Billie Holiday was raped when she was 10 and again when she was 12. It was enough to turn her off to men for a long, long time. Practically raised in a Baltimore whorehouse, she’d do favors for the working girls in exchange for the honor of sitting in the parlor to listen to Louie Armstrong records. In recitations from Holiday’s auto-biography, Lady Sings The Blues, actress Angela Bassett runs the voodoo down, so to speak, in between lovingly recreated versions of songs associated with the great Lady Day by Esperanza Spaulding, Boz Scaggs, Rickie Lee Jones, A.J. Croce and others.
Billie up and moved to New York City at age 15 with her mom, finding a Harlem bar who would let her sing. Her voice was filled with such pain and emotion, it made grown men cry. Soon, she was a fixture at the bar, word got out and John Hammond came sniffin’ around. Yeah, the same John Hammond who also discovered Bob Dylan and Bruce Springsteen.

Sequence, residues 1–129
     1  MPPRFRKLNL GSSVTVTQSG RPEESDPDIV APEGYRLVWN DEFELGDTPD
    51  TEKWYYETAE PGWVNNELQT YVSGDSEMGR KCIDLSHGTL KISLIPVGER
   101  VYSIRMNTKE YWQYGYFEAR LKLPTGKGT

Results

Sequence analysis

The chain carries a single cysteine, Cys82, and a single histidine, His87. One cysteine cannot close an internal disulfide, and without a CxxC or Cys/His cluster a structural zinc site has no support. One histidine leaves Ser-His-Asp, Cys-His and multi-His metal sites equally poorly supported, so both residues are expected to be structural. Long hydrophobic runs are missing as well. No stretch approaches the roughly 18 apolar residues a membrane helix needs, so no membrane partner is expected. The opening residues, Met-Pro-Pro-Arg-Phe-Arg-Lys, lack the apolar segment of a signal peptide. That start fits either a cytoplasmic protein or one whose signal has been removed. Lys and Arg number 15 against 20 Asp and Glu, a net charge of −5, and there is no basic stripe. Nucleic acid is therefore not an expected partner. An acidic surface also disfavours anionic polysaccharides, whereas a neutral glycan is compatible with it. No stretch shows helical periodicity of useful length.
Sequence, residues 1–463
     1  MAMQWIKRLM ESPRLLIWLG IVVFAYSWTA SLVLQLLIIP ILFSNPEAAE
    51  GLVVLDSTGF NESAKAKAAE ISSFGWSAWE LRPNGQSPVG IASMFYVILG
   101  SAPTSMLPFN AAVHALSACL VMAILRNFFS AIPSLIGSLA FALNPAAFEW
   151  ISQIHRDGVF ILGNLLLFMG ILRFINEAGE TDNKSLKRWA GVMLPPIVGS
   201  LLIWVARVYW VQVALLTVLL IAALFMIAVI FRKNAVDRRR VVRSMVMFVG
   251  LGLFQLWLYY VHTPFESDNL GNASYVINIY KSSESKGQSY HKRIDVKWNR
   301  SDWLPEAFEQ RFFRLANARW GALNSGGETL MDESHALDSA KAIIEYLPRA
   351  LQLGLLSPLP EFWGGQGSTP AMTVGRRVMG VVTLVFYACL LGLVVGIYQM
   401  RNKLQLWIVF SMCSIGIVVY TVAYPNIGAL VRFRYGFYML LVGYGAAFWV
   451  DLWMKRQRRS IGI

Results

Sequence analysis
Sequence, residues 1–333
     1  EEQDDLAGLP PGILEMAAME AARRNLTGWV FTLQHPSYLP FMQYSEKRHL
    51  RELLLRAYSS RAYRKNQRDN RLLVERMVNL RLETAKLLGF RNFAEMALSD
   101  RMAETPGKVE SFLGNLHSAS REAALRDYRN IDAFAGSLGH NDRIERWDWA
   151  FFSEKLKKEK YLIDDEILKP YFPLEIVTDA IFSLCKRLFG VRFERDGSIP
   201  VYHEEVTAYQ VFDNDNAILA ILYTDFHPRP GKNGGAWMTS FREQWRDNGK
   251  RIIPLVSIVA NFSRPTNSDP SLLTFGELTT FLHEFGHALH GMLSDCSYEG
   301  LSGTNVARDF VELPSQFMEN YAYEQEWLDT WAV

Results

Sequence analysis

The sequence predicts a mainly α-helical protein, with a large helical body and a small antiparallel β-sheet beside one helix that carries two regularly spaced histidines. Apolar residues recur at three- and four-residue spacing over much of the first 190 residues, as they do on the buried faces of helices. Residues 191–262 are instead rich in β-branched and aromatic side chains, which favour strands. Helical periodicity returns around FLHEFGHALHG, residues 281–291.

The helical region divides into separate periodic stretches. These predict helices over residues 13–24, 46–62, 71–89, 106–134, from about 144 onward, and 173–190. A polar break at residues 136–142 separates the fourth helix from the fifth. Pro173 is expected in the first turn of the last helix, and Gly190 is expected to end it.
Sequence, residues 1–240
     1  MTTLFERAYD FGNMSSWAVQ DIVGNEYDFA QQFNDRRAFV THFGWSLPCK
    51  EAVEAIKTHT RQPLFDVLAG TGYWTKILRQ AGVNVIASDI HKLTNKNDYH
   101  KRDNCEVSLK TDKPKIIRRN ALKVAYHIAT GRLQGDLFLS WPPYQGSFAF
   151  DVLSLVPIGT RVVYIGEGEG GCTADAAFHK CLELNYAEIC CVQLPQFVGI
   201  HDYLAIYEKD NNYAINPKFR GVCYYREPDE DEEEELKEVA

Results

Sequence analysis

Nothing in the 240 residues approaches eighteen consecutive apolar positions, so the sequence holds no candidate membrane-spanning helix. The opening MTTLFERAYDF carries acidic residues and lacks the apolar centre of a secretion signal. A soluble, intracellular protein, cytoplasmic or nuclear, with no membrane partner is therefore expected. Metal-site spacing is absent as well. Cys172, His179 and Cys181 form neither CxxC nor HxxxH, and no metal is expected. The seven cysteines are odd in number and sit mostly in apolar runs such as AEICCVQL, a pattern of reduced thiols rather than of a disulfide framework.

To hear Deborah Cox revitalize “Fine And Mellow” is to discover the sexiness inside the song all over again. Kenneth “Babyface” Edmonds takes “Strange Fruit,” the song most closely identified with Holiday, and wrings every last drop of anguish out of it (the fruit “hanging from the poplar tree” being the dead bodies of lynched blacks).
Billie Holiday died at 44 in 1959 from liver failure while policemen waited outside her hospital room to arrest her. Although she made hundreds of thousands of dollars for the record labels, she was hardly paid a damn dime.
In A Word: Haunting